The Europeans returned with the third expedition from 1692 to 1695 for resettlement and reconquest, led by Don Diego de Vargas who brought seventy families, one hundred soldiers, and 17 Franciscans. De Vargas established a settlement in 1693 on the flood plain at the mouth of the Jemez River, west of the Rio Grande, the old site where the Bernal family had been before the revolt. A church and priory were built but washed away in 1695. Don Fernando Duran y Chavez was named Alcalde Mayor of Bernalillo. This area is at the narrows of the valley called, “La Angostura de Bernalillo” and “La Salida de Angostura,” which is an important river crossing due to a gravel spill across the Rio Grande from the Arroyo de las Huertas, which comes off the north end of the Sandia Mountains, thereby providing a safe crossing in a river of quicksand.
In 1695, 44 more families came, only to suffer a harsh winter with little food. In 1692, De Vargas wrote, “So very cold and abundant snow and rain and such heavy freezes and frost. Troops have suffered harsh weather with continued snow and high winds.”
Meager food supply and scarce firewood due to deep snow resulted in the death of 22 Spaniards. From 1695 through 1696 more than two hundred people died when pueblo and Spanish crops failed due to drought and crop worms. Residents were forced to eat dogs, cats, horses, mules, hides, and old bones. An epidemic followed with more loss of life, and the Pueblos revolted again.
In colonial New Mexico there were two concentrated population areas: Santa Fe in the Rio Arriba (upper river), and Bernalillo in the Rio Abajo (lower river). The Bernalillo site was on the border between the Tiwa and Keres Pueblos. The mission at San Felipe Pueblo was the church used by the people of Bernalillo.
Besides the Bernal family, the Duran y Chavez, Caravajal, Cuellar, Saenz, Bacas, Pereas, Anayas, Romero, Ramirez, and several others had holdings in the Angostura area in colonial times. According to Spanish archives, the Juan Ramirez de Salazar house that stood at the site of the river crossing was confiscated by Governor Alonso Pecheco de Heredia to build a fort (or torreon) called San Antonio. A captain and fifteen soldiers were stationed there to protect the river from the Faroan Apaches who came off the plains through Apache Canyon in the Sandia Mountains to raid the settlements on the west side of the river.
In 1701, Felipe Gutierrez, a presidio soldier, petitioned the Crown for a grant of land which became in the 1770’s the scattered ranches of “lower Bernalillo” or “Las Cocinitas.” In 1704, Governor de Vargas came down from Santa Fe with soldiers to chase raiding Apaches into the Sandias. According to local tradition, DeVargas fell ill during the expedition and died in a home in lower Bernalillo.
At this time, the area was simply a scattering of small ranches on both sides of the river from San Felipe to Sandia, home to about one hundred people. Diego Montoya’s hacienda was on the north side of what is now Coronado Monument. Across the river was an area called “Weavers’ Bend,” which is now called EI Llanito. With a name like Weavers’ Bend, it makes one wonder if there weren’t a lot of folks involved in working with wool. In 1706, Captain Martin Hurtado took 35 families from Bernalillo to found Old Town Albuquerque. They included families of Trujillo, Garcia, Carabajal, Varela and Diego Montoya. Diego had land in the area north of the villa and later transferred his land to Elena Gallegos, whose plazuela was called “Los Ranchos” in what is now Alameda’s north valley.
In 1738, Captain Juan Gonzales Bas was Alcalde Mayor of Bernalillo. He had acquired the Montes Vigil grant, which included Corrales and Alameda. He was an important player in the area.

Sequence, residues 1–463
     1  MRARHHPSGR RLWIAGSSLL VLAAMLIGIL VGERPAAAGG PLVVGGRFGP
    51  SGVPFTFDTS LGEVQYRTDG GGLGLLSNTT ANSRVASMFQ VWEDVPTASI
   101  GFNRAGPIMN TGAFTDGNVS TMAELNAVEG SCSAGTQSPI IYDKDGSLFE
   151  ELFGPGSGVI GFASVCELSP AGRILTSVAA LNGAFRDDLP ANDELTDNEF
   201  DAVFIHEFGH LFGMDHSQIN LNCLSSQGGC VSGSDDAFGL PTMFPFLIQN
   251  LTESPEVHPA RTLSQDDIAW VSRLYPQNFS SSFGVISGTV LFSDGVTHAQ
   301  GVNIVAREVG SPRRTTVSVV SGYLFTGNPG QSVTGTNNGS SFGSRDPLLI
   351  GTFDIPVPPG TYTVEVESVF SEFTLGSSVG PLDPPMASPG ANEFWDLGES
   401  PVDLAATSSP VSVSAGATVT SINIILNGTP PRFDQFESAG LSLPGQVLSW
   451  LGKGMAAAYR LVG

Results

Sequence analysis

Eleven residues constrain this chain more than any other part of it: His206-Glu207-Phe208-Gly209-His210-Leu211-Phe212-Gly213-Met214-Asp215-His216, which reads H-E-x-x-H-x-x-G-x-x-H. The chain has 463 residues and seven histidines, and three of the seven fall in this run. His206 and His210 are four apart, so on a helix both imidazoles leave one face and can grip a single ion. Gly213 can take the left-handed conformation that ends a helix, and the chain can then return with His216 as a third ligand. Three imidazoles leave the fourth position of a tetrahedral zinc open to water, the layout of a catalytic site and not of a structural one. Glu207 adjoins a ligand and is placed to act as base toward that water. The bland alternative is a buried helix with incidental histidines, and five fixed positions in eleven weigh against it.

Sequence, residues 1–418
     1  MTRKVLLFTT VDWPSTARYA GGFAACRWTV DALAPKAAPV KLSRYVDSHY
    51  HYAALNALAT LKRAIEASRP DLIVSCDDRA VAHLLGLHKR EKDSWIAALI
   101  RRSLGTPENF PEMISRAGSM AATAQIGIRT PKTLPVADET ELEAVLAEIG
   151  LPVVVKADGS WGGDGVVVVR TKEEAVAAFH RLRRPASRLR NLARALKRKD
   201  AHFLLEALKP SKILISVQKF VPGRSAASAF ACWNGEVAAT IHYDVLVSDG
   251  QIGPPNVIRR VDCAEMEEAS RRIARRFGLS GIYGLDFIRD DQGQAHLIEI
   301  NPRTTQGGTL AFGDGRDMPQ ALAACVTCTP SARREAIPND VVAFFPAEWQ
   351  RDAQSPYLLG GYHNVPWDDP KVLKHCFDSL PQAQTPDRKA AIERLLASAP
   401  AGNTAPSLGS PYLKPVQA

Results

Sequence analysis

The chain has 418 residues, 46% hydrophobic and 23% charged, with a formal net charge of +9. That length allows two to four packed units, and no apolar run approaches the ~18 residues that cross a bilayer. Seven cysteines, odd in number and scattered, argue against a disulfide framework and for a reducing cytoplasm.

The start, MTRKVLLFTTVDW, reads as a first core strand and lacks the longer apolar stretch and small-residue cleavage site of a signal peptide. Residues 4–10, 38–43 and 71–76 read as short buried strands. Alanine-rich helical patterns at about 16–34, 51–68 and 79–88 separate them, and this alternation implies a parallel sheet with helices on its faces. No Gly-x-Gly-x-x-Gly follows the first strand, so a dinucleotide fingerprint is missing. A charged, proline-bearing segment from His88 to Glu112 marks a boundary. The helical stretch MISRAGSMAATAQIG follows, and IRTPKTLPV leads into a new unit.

In 1748, Franciscan brothers went to Hopi country to bring back the Indians that had fled there from Sandia Pueblo at the time of the Pueblo Revolt in 1680. The pueblo had stood empty all this time but now there was a need for labor, so some Sandia descendants and some Hopis were brought to resettle the village.
Movement of populations throughout the 1700s continued south along the east side of the river from Angostura to EI Llanito—first called Los Gallegos because two Gallegos brothers built haciendas there in 1730 near a church, which washed away in the flood of 1735. A cross still marks this spot.
By 1776, there were still 27 families, totaling 81 people, who were using the San Felipe mission, but as floods changed the river’s course, the fate of “Upper Bernalillo” changed too, constantly moving south, until the population shifted gradually to the east side of the river to the site of present day Bernalillo.
But this was still not an easy place to live. From 1748 to 1771, almost four thousand Spanish and Pueblos were killed by Apaches, Navajos, and Comanches. In 1771, 170 people were killed and seven thousand horses and mules stolen. In 1775, a major Comanche raid on Sandia Pueblo destroyed all crops and livestock and killed 32 inhabitants. The scourge of smallpox killed five thousand pueblo people and many Spanish in the 1780s. It seemed there was no end to the major disasters the colony suffered.
Overgrazing was becoming a problem by 1757 because there were 112 thousand sheep and sixteen thousand cattle plus seven thousand horses in the colony. Sheep became the medium of exchange, and, due to a lack of coinage, the barter system prevailed. The effects of this problem have lasted to the present day. Ranchers traditionally raised sheep rather than cattle because nomadic raiders could more easily drive cattle away and when attacked herders could scatter sheep to reduce losses. In 1779, Governor de Anza defeated the Comanche, Cuerno Verde, and made a treaty to stop the raids.
During the Colonial period, this was a closed world with little outside contact. Spain and Mexico were too far away and had lost interest because of the lack of discovered wealth. The colony was a distinct drain on revenues with little to show for it. Local law took precedent over the Law of the Indies, art was replaced by crafts, and local custom prevailed. Church and state warred constantly over control of the colony, with the Inquisition being used as a tool to break the power of the state.